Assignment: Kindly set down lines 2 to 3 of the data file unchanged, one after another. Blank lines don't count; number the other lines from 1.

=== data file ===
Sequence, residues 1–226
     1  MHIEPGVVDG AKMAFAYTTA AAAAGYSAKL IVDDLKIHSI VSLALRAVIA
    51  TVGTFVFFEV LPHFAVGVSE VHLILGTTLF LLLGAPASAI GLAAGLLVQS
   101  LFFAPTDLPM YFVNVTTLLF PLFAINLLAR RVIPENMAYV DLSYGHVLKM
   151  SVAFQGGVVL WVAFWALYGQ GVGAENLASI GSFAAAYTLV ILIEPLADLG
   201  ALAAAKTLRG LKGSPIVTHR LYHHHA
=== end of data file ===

     1  MHIEPGVVDG AKMAFAYTTA AAAAGYSAKL IVDDLKIHSI VSLALRAVIA
    51  TVGTFVFFEV LPHFAVGVSE VHLILGTTLF LLLGAPASAI GLAAGLLVQS